Next is a coastal beach habitat, with juvenile lookdowns Selene vomer, black bass, striped burrfish Chilomycterus schoepfii, and northern kingfish Menticirrhus saxatilis.
The Atlantic Shelf exhibit features summer flounder Paralichthys dentatus, which occasionally leave the bottom to feed, allowing visitors a close-up view of their unique body shape. The clearnose skate Raja eglanteria is fed without competition by directly delivering its food via a PVC pipe.
Continuing up the inclinator we arrive at the adaptation level. The first tank houses a large number of different species of cichlids and focuses on evolution. A large humphead cichlid Cyphotilapia frontosa with a nuchal hump and blue and white stripes stands in stark contrast to the smaller and drabber lyretail Lamprologus. The sign above the tank reviews the incredibly rapid speciation of the cichlids in lakes Tanganyika and Malawi, and how the different adaptations developed by the cichlids allow them to better compete in their respective niche habitats.
Gars, bowfin, and lake sturgeon inhabit an environment that demonstrates different strategies for becoming a top predator. Gars lie in wait while lake sturgeons stir up the bottom for food, and the bowfin lunges at any small fish that happens to come too close.
Another African-themed display showcases common aquarium fish—kribs Pelvicachromis pulcher, Congo tetras Phenacogrammus interruptus, African knifefish Xenomystus nigri, and African butterflies Pantodon buchholzi. While the butterflies strike at anything moving on the surface, the knifefish use their electric sense to hunt, and the kribs and tetras school and feed together. An electric eel Electrophorus electricus lives alone.
The coral reef tank (a favorite with the kids, who crowd the glass and shout “Nemo!” at the sight of Amphiprion ocellaris) displays the various ways that organisms move—the laterally compressed copperband butterflyfish Chelmon rostratus contrasts with the box-like cowfish, and of course the clownfish shows the more standard body form.
An octopus display is used to showcase intelligence. Lerner mentions that all the animals at the aquarium are given enrichment items to elicit natural behaviors. The octopus is offered food items like a Mr. Potato Head toy; the octopus has to remove various parts to get at the food inside.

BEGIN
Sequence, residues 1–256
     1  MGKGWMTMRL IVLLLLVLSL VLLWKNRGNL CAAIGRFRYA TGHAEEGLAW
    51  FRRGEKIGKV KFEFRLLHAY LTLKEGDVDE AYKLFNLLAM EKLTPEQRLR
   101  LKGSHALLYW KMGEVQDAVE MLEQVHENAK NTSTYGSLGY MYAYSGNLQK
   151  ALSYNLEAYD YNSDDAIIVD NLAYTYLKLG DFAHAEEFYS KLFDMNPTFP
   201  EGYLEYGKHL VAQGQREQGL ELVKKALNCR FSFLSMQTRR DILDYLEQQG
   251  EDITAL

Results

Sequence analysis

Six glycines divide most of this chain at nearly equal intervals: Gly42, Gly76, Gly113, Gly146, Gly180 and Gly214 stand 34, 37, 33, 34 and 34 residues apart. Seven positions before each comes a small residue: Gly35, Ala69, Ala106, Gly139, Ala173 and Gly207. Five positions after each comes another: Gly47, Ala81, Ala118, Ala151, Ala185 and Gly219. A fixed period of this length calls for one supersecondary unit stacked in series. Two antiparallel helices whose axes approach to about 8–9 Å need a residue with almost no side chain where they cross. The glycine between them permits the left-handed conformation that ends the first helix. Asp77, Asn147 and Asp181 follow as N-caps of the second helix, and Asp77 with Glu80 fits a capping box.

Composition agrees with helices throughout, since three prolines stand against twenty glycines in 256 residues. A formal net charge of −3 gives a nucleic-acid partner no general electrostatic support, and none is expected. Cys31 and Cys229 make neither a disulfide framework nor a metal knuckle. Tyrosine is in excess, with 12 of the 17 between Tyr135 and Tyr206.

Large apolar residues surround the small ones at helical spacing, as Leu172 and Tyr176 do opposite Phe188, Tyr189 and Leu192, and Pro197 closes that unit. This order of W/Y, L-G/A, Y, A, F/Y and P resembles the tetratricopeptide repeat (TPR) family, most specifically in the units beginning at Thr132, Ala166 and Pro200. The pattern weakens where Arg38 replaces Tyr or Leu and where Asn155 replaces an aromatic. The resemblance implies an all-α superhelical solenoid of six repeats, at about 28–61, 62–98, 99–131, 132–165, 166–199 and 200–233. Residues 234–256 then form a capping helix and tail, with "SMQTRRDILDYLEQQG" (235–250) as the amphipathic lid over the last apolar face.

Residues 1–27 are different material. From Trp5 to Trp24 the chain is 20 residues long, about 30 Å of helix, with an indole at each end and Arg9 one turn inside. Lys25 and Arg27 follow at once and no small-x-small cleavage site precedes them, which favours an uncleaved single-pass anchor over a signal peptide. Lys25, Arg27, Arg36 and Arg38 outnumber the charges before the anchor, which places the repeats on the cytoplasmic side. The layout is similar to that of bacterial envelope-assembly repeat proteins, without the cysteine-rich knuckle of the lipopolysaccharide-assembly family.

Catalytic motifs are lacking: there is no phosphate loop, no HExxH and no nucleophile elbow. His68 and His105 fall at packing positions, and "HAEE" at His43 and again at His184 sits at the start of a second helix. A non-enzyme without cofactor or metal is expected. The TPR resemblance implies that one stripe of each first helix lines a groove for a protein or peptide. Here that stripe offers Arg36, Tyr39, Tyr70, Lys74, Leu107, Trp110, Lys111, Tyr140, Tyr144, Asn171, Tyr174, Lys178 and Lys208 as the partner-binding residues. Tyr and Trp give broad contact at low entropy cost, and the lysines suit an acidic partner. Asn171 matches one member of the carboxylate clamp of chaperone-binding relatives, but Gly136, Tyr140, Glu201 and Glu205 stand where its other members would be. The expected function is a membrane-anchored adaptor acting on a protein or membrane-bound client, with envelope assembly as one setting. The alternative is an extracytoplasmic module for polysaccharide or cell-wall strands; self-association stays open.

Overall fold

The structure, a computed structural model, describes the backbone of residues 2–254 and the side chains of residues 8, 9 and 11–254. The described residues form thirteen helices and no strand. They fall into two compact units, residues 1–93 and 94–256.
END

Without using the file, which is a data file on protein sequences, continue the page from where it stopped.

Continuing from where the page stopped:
A different tank is meant to show the lurking behaviors of various fish, including groupers and butterflyfish, by placing them in with a collection of living corals. A rockfish swims in another tank, above which is a presentation on fish migration.
Continuing up to level five, we see an enclosure filled with puffins. Although quite similar to penguins, puffins are completely unrelated seabirds that still have the ability to fly. (This exhibit is scheduled for renovation.)
A kelp forest tank features various species of sole, rock greenling Hexagrammos lagocephalus, copper rockfish Sebastes caurinus, and Garibaldi Hypsypops rubicundus.
Next comes a Pacific coral reef tank filled with Banggai cardinals Pterapogon kauderni, more clownfish, and several tangs including common aquarium specimens like blue tangs Paracanthurus hepatus and naso tangs Naso lituratus.
Next Amazon fish common to the hobby are featured—bleeding heart tetras Hyphessobrycon erythrostigma, Ancistrus catfish, and silver dollars Metynnis hypsauchen. They share a huge tank with animals that usually cannot be brought home, such as polka dot river stingrays and Cotinga River side-necked turtles.
The next tank displays more popular hobby animals such as Heckel and aquarium-strain discus, silver hatchetfish, marbled hatchetfish Carnegiella strigata, cardinal tetras Paracheirodon axelrodi, rummynose tetras, king tiger suckermouth catfish, whiptail cats Farlowella sp., and cory cats Corydoras schwartzi.